It’s likely that there aren’t a lot of people today who remember the noise and furor surrounding the publication of Playgirl magazine, the first porn magazine directed at and for women. Reading the Wikipedia page tells you nothing about the handwaving that surrounded the publication. Chippendales, with a sordid history of violence, bankruptcy and legal issues. Objectification of men just doesn’t happen all that often, so when videos like this one come along, they’re eye openers.
(Here’s Robert Palmer’s original, for reference.)
Now the thing about YouTube is, if you watch one video, you’re often presented with similar videos to watch that follow up on the subject matter, the artist, or the action in the video. So I watched this follow-up and liked it a lot, because it’s much more real than the first video. It speaks volumes about the difference between seeing someone as a whole person and seeing only what you want to see. It’s sad that people don’t check the entire package before buying for the pretty wrapping outside.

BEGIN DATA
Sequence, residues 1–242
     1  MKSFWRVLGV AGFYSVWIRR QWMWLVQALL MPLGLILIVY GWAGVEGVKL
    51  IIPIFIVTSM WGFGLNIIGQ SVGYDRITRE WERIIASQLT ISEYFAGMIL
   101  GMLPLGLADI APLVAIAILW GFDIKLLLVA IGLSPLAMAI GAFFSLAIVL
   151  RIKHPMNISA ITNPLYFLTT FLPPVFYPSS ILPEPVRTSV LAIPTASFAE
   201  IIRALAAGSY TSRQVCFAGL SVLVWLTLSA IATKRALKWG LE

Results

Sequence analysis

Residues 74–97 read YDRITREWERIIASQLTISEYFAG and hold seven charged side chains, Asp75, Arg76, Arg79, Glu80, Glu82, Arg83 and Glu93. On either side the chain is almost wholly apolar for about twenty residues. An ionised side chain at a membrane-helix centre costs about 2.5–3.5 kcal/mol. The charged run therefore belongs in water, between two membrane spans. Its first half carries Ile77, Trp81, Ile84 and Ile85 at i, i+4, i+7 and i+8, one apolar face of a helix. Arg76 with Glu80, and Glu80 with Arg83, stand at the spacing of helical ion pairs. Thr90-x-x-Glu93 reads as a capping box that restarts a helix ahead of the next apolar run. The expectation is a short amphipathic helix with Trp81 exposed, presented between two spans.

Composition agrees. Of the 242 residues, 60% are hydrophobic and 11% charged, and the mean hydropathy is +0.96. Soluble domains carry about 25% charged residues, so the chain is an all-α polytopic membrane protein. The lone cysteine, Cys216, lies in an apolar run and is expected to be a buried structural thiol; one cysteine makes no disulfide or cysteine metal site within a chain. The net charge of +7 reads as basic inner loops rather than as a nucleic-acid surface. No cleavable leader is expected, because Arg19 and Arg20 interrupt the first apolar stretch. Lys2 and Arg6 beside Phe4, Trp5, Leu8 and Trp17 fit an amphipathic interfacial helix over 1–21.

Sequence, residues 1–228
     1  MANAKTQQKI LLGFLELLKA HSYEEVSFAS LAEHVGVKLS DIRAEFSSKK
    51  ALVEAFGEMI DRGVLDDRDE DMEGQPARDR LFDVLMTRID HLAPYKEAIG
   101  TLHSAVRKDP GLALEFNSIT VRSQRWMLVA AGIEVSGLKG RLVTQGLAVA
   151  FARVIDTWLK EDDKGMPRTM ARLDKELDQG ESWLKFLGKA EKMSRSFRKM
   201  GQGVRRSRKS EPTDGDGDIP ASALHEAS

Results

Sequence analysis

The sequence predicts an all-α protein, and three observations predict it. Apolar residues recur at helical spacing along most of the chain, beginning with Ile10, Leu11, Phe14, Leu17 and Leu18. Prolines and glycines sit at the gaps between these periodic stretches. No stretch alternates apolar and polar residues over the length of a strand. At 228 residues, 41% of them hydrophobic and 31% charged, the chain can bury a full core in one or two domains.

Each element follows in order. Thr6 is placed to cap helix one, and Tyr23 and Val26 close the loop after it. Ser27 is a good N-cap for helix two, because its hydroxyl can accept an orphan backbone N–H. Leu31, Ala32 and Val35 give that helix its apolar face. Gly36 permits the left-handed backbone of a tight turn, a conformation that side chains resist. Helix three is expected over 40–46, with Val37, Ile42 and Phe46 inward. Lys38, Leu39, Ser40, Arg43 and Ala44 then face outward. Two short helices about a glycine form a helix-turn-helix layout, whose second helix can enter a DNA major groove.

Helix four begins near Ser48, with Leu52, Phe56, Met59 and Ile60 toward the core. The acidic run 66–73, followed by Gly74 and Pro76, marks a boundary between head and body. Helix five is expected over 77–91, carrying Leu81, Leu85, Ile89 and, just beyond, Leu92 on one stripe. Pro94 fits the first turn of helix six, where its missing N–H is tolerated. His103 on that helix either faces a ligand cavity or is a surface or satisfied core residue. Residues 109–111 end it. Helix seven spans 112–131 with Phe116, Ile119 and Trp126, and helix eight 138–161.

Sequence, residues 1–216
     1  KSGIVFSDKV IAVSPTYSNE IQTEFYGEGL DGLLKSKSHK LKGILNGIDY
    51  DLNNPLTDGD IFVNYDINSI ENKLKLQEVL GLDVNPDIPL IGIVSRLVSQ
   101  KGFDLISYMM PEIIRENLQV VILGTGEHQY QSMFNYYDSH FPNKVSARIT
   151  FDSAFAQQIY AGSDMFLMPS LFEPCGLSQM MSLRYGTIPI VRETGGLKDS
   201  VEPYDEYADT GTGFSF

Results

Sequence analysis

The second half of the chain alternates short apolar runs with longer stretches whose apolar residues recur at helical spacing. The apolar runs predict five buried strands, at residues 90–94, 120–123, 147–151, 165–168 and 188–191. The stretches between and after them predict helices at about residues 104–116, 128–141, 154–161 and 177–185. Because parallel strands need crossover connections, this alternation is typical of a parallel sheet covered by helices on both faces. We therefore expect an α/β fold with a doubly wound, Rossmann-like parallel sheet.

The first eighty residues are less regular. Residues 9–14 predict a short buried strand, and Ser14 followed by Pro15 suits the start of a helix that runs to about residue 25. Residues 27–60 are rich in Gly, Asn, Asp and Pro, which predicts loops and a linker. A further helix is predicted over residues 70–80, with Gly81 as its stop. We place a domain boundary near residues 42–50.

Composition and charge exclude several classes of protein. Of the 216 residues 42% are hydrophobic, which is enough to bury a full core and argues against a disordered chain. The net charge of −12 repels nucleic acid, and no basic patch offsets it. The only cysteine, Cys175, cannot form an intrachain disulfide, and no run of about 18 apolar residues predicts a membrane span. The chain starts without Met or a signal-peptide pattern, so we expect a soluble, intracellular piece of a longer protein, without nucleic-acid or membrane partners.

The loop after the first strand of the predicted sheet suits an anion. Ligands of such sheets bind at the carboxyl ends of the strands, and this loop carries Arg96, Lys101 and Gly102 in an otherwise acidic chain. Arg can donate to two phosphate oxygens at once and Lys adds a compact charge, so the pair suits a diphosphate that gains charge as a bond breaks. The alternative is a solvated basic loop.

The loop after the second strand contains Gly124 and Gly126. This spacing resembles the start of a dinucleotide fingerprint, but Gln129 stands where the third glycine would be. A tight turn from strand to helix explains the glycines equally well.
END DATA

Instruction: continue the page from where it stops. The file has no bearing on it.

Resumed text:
I’ll note that the first of Michaelson’s videos has reached viral status. The second has under 150k hits. That’s a shame but not a surprise.
Having just completed a class in Time-Based Media, I have a much better idea of how this video was constructed, but the mechanics aren’t the point. Watch how women are represented in art as we slip quickly through five centuries of artistic representation. Notice how often the woman’s eyes are downcast, and notice how shape, color and texture changes.